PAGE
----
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Japan takes lead in next-gen vessel development

JapanAhead of last November’s 77th session of the International Maritime Organization's (IMO) Marine Environment Protection Committee (MEPC 77), Japan joined calls to make international shipping carbon neutral by 2050, supporting a proposal by the US, the United Kingdom, Norway and Costa Rica for IMO to raise the bar on its ambition and bring the regulator into line with other bodies pledging net-zero emissions by the midpoint of the century.

 

Announcing the Japanese government’s policy, transport minister Tetsuo Saito stated: “As Japan aims to become carbon neutral by 2050 it has also set out a carbon neutral target for total greenhouse gas (GHG) emissions from international shipping by 2050 … the Japanese government will also promote the development and demonstration of zero-emission ships such as hydrogen-fuelled ships or ammonia-fuelled ships, which are essential to realise the target.”

 

The Japanese Shipowners' Association (JSA) was quick to show its full support of the policy, with its president, Junichiro Ikeda, announcing on the same day: “Today, as a current and future leader in the global shipping field, the Japanese shipping industry has committed itself to the challenge of 2050 net-zero GHG.”

 

Vessel Development

 

Ikeda, who is also chairman of Mitsui OSK Lines (MOL), noted that he believed that there were two possible ways to decarbonise: to gradually convert the use of LNG fuel into carbon-neutral methane or expand the research on the use of hydrogen and ammonia fuel. In line with this thinking, Japan has decided to hedge its bets and develop a hydrogen-fuelled ship, commercialise an ammonia-fuelled ship, and develop technology to significantly reduce methane slip in LNG fuel through its ‘Next Generation Vessel Development’ project.

 

The project, which involves a number of consortia made up of Japanese shipping companies, shipyards, engine manufacturers and trading companies, as well as universities, has selected four themes for research and development: 1) Development of marine hydrogen engine and marine hydrogen fuel system (MHFS); 2) Development of ships equipped with ammonia fuel domestic engines; 3) Integrated project of ammonia fuel ship development and social implementation; and 4) Development of methane slip reduction technology for LNG-fuelled ships by improving catalysts and engines.

 

Hydrogen

 

Work on theme 1 is being undertaken by a consortium that includes Kawasaki Heavy Industries (KHI), Yanmar Power Technology (YPT) and Japan Engine Corporation (J-ENG). The partners will simultaneously develop low-speed, medium-speed and high-speed engines using hydrogen as fuel and plan to have a line-up of engines that can be used in a variety of applications ready by 2026.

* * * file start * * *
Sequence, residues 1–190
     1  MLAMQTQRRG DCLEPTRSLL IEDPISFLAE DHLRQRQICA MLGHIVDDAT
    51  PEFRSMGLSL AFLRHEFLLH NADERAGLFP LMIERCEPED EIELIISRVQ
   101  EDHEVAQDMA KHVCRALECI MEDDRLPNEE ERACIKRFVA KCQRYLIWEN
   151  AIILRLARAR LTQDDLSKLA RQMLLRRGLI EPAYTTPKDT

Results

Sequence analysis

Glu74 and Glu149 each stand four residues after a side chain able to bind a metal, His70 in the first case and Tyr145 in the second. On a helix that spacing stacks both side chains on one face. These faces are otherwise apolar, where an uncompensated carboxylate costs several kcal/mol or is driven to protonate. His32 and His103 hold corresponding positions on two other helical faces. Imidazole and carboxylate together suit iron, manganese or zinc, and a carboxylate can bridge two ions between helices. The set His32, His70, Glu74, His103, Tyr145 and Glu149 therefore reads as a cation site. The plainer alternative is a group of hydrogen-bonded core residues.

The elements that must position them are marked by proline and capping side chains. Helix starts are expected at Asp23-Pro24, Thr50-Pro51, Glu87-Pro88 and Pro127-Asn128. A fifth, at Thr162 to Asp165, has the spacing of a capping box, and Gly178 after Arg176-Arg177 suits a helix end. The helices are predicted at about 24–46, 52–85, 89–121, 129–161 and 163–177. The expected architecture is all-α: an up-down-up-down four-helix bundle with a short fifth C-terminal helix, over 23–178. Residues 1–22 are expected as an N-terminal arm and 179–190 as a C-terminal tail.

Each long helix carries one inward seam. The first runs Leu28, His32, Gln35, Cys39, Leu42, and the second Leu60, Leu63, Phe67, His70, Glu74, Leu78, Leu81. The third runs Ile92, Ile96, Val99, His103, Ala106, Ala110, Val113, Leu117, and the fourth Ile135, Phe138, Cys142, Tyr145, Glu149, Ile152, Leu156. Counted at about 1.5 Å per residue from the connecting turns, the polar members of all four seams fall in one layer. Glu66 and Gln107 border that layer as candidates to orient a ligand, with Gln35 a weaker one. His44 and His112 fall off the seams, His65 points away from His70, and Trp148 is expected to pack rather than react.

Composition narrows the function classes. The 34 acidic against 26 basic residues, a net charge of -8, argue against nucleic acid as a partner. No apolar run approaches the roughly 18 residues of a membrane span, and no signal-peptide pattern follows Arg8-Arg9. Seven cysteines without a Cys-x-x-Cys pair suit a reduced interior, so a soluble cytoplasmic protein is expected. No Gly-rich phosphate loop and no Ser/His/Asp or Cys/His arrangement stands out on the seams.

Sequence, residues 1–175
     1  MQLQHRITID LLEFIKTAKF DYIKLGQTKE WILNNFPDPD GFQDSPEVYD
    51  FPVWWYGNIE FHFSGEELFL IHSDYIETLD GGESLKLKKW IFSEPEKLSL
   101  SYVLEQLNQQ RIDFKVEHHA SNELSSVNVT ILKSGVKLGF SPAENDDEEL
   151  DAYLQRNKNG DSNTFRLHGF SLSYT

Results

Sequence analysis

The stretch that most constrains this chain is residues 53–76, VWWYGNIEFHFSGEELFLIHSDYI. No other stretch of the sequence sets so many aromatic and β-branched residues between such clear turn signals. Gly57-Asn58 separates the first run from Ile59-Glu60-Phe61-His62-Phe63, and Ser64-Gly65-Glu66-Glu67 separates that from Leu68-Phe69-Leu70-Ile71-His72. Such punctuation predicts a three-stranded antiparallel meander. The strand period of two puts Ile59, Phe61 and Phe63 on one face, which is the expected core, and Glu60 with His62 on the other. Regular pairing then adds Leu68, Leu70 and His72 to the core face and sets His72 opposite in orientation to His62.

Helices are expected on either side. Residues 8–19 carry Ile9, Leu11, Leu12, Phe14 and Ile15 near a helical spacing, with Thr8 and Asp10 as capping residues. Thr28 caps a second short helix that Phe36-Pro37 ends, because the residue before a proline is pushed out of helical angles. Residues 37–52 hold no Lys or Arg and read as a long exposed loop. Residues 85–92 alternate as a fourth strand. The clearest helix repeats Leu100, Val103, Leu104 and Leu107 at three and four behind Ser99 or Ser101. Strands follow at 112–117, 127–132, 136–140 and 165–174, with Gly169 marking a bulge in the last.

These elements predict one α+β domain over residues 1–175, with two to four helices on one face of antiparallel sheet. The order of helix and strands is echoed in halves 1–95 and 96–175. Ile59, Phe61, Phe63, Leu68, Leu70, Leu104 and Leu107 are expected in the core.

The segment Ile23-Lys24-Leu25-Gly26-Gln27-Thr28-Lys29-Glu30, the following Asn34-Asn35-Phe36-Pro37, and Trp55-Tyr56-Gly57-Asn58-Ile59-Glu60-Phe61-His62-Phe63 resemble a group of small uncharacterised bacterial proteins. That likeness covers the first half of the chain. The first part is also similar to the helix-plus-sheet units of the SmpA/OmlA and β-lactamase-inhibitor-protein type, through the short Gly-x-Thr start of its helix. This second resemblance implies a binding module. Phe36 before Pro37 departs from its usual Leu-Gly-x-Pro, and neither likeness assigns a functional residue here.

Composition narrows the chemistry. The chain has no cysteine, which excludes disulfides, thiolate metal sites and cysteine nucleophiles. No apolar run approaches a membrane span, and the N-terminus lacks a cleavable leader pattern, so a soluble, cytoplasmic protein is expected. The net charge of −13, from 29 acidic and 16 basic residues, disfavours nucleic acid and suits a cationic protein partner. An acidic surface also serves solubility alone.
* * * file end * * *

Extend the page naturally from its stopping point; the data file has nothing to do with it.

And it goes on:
KHI is to develop a medium-speed four-stroke engine with a propulsion output of between 2,000kW and 3,000kW; YPT a medium-speed and high-speed four-stroke auxiliary equipment engine with an output of 800kW and 1,400kW; and J-ENG a low-speed two-stroke engine for propulsion with an output of 5,000kW.

 

KHI is to also develop the MHFS, which will consist of a marine hydrogen fuel tank and a fuel supply system. The MHFS will be applied to the demonstration operation of medium and high-speed four-stroke engines, and two-stroke engines, after land-based tests, according to KHI.

 

Ammonia

 

Two consortia are working to commercialise ammonia fuel, each with the aim of introducing ammonia-powered vessels by 2028, ahead of other nations. A “demonstration project for the commercialisation of vessels equipped with a domestically produced ammonia-fuelled engine” is headed up by NYK Line, J-ENG, IHI Power Systems and Nihon Shipyard. The project, which got underway in December 2021 and also involves ClassNK, will develop an ammonia-fuelled tugboat (A-Tug) and an ammonia-fuelled ammonia carrier.

 

For the ammonia carrier, J-ENG will develop a two-stroke ammonia fuel engine of about 8,000kW as the main engine and IHI Power Systems will develop a four-stroke fuel engine of approximately 1,300kW for the auxiliary equipment. NYK Line will be responsible for project management, ship design and legal compliance, while Nihon Shipyard will oversee hull development and examine ship construction methods. Again, ClassNK will carry out a safety assessment of the ship.

 

The second consortium working on ammonia fuel comprises Kawasaki Kisen Kaisha (K Line), Itochu Corporation, Nihon Shipyard, Mitsui E&S Machinery and NS United Shipping. Their focus is on the development of an ammonia fuel propulsion system and hull, as well as an integrated project covering the establishment of international supply chain for ammonia as marine fuel.

 

 

For the full article please see the May 2022 edition of The Naval Architect.